lyre, generic term for stringed musical instruments having a sound box from which project curved arms joined by a crossbar. The strings are stretched between the crossbar and the sound box and are plucked with the fingers or with a plectrum. In ancient times Sumer, Babylonia, Israel, and Egypt had various sorts of lyres. Ancient Greece had two lyres—the kithara, which was the larger instrument used by the professional musician, and the lyra, the smaller instrument of the amateur. Each had from 3 to 12 strings, made of hemp. The tuning and playing techniques of modern lyres in E Africa are thought to be similar to those of ancient Greece and Egypt. After the 10th cent. the lyres of N European countries were bowed instead of being plucked. The bowed lyre that persisted longest was the Welsh crwth, known as early as the 11th cent. and still in use in the early 19th cent. At some time in its history a fingerboard was added, making it an early member of the violin family.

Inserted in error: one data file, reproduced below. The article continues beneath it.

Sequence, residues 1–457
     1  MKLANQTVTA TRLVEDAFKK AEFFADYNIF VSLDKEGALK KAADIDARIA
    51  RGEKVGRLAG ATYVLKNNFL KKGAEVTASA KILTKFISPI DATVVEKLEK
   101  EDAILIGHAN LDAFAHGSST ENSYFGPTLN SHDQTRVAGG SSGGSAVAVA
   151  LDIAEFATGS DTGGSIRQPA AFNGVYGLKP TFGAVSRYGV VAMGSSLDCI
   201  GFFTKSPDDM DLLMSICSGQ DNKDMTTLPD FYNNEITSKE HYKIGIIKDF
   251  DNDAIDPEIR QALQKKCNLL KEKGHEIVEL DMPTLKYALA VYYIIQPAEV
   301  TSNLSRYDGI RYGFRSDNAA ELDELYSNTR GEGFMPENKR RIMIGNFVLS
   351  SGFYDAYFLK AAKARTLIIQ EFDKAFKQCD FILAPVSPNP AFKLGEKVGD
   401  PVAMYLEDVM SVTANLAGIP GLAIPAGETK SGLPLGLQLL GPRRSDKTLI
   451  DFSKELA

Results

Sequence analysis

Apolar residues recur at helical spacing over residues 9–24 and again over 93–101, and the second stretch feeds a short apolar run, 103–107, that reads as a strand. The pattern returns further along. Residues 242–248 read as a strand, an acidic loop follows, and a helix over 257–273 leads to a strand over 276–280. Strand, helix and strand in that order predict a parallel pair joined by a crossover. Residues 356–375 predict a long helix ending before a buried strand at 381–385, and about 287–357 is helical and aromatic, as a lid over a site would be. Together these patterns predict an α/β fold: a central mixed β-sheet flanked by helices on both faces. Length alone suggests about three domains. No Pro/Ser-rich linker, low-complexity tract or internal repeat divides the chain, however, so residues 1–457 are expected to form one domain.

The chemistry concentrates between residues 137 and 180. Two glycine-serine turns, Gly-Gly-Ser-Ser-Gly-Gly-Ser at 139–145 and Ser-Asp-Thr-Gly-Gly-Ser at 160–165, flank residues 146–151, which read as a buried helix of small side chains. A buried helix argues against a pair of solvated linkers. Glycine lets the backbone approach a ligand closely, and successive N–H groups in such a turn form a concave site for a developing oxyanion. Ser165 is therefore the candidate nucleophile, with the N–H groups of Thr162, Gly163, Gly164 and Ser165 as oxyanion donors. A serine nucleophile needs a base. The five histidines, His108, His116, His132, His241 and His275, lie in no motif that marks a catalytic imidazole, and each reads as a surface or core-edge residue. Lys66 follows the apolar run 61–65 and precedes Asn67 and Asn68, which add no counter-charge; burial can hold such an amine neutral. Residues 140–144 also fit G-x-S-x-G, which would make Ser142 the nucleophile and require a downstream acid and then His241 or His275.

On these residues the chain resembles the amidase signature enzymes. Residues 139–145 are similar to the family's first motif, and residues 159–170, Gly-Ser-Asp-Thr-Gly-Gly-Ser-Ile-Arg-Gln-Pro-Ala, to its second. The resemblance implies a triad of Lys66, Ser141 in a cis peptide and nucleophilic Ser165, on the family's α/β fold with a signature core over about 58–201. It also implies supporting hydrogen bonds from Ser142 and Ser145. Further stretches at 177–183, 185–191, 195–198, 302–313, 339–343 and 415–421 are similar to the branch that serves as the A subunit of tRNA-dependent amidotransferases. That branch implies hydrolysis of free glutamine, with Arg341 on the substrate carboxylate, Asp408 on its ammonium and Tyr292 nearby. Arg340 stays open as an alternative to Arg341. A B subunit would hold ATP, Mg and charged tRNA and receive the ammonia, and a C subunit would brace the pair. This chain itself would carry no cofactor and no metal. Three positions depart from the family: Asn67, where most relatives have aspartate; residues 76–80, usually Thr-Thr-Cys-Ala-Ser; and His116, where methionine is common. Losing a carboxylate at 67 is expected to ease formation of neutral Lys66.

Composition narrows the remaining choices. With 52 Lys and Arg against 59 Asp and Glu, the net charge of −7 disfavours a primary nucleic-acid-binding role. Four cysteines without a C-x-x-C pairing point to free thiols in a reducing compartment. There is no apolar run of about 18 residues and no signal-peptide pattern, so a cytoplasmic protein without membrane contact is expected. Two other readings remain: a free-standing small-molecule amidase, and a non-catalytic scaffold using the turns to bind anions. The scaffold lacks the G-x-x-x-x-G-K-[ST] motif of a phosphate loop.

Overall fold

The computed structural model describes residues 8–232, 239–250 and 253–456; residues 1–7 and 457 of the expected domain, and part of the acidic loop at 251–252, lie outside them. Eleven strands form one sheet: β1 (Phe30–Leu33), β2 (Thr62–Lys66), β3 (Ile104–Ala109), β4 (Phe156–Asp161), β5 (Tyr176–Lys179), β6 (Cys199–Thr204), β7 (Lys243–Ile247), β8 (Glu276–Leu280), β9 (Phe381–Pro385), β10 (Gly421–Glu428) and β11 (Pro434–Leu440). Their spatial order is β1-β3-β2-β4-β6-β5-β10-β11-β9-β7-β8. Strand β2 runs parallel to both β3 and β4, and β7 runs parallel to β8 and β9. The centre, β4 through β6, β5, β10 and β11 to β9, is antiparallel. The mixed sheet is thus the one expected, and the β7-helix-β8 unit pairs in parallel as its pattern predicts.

The Columbia Electronic Encyclopedia, 6th ed. Copyright © 2012, Columbia University Press. All rights reserved.
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